Are You a Sharpener or a Leveler?

A psychological theory (footnote 1) that I've always been fond of is the one that proposes the perceptual/personality dimension of Sharpening vs Leveling. As defined by the early Gestalt psychologists, Sharpening is an exaggeration of differences, Leveling a minimization of differences. In visual-perception research on this topic, when test subjects were presented with an asymmetrical figure, some later recalled it in ways that exaggerated the figure's asymmetry (Sharpeners), while others minimized or eliminated it (Levelers).

It seems fair to say that—like those who have a strong interest in wine, food, photography, etc.—audiophiles are devoted to exploring subtle differences; generally, we tend to be toward the Sharpening end of the continuum. But even among audiophiles, some will describe as "night and day" a sonic difference that to others sounds fairly minor: these are Sharpeners, whereas the wire-is-wire, bits-are-bits, all-amplifiers-sound-the-same folks are Levelers.

Where does a tendency toward Sharpening or Leveling come from? The first possibility is that being a Sharpener or a Leveler represents an inherent characteristic of a person's sensory system. In technical terms, the difference threshold—the smallest difference that a person can reliably discriminate, also known as the just noticeable difference (JND)—varies among individuals: some have a low threshold (small JND) and are able to discriminate among very small differences, whereas others require differences to be quite large before they can discriminate among them.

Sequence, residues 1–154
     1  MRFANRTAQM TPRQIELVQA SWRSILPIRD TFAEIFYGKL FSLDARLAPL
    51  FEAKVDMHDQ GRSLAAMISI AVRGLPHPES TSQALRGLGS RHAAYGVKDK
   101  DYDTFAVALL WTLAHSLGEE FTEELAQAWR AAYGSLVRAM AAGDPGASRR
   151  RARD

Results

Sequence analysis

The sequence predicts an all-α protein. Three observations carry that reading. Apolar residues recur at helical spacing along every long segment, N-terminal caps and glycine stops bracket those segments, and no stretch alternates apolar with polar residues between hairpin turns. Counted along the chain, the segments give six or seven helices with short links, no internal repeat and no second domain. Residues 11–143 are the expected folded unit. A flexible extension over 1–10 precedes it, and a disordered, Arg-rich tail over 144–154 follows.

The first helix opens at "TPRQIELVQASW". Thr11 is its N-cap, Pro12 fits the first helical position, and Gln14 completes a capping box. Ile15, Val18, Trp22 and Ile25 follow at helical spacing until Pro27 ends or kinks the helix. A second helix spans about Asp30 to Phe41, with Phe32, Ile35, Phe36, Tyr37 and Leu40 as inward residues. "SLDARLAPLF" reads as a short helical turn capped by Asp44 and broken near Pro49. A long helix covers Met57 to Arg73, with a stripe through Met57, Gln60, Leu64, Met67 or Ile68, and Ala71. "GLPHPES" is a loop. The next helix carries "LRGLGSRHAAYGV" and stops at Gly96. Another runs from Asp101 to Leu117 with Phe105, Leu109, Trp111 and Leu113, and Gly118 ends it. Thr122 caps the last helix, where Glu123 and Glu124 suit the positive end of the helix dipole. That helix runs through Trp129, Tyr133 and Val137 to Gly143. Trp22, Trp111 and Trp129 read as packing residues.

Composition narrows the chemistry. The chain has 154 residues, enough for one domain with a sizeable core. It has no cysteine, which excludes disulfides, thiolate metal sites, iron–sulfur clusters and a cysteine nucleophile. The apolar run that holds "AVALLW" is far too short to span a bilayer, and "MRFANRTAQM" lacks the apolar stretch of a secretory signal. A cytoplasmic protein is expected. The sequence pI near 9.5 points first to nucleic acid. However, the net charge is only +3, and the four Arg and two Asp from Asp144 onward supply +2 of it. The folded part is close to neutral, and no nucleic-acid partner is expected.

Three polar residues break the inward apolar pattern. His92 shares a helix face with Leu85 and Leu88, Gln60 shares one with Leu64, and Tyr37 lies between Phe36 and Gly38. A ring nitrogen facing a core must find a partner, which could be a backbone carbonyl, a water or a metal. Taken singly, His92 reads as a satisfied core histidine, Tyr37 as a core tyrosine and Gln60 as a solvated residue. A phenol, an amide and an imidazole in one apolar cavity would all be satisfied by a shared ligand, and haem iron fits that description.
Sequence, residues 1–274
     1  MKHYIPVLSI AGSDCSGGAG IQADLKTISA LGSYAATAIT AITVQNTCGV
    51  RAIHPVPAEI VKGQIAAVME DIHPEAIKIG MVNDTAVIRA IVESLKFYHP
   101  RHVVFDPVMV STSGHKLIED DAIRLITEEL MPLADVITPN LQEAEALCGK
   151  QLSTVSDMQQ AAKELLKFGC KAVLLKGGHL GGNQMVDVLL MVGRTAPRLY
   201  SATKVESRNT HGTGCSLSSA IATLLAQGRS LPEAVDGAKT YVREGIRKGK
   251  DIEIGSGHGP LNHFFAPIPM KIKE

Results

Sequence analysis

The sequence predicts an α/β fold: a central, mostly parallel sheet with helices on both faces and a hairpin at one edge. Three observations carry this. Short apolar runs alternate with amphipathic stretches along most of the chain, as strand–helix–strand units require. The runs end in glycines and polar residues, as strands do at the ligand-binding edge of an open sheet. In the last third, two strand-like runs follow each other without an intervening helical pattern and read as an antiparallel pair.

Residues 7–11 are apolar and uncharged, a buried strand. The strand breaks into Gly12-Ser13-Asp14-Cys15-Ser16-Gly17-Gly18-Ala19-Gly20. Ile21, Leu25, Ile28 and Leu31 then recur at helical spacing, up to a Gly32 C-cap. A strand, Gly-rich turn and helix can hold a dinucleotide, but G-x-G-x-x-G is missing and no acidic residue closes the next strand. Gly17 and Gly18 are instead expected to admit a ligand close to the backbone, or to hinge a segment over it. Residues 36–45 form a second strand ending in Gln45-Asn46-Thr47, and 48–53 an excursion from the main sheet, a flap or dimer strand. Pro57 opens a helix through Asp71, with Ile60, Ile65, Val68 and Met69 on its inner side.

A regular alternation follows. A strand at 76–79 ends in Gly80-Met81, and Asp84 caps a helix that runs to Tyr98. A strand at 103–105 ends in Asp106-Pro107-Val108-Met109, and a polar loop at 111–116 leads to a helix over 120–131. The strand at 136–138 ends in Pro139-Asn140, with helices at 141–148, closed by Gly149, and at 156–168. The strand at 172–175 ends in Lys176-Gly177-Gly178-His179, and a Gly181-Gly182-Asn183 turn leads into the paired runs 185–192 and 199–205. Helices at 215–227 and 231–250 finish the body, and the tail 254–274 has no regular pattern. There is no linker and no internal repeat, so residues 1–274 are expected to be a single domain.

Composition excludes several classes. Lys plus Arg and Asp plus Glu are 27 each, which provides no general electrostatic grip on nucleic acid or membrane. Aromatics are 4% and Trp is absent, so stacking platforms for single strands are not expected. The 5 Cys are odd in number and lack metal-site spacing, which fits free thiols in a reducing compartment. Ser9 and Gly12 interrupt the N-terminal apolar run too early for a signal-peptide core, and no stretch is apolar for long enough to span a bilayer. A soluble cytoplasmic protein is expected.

No doubt such differences in sensory capacity make some contribution to a person being a Sharpener or a Leveler, but I think it's a minor one. The skills used in evaluating audio equipment are far more complex than those involved in simple experiments in pitch discrimination, and to a large extent they're functions of experience. People are not born Sharpeners or Levelers. A novice audiophile may judge two speakers as sounding pretty much the same, but, having gained experience by listening to a variety of speakers, when that same audiophile listens again to the same two speakers, he or she notices differences that were not obvious before. The tendency to begin as a Leveler and progress to being more of a Sharpener is part of the learning process of becoming an audiophile.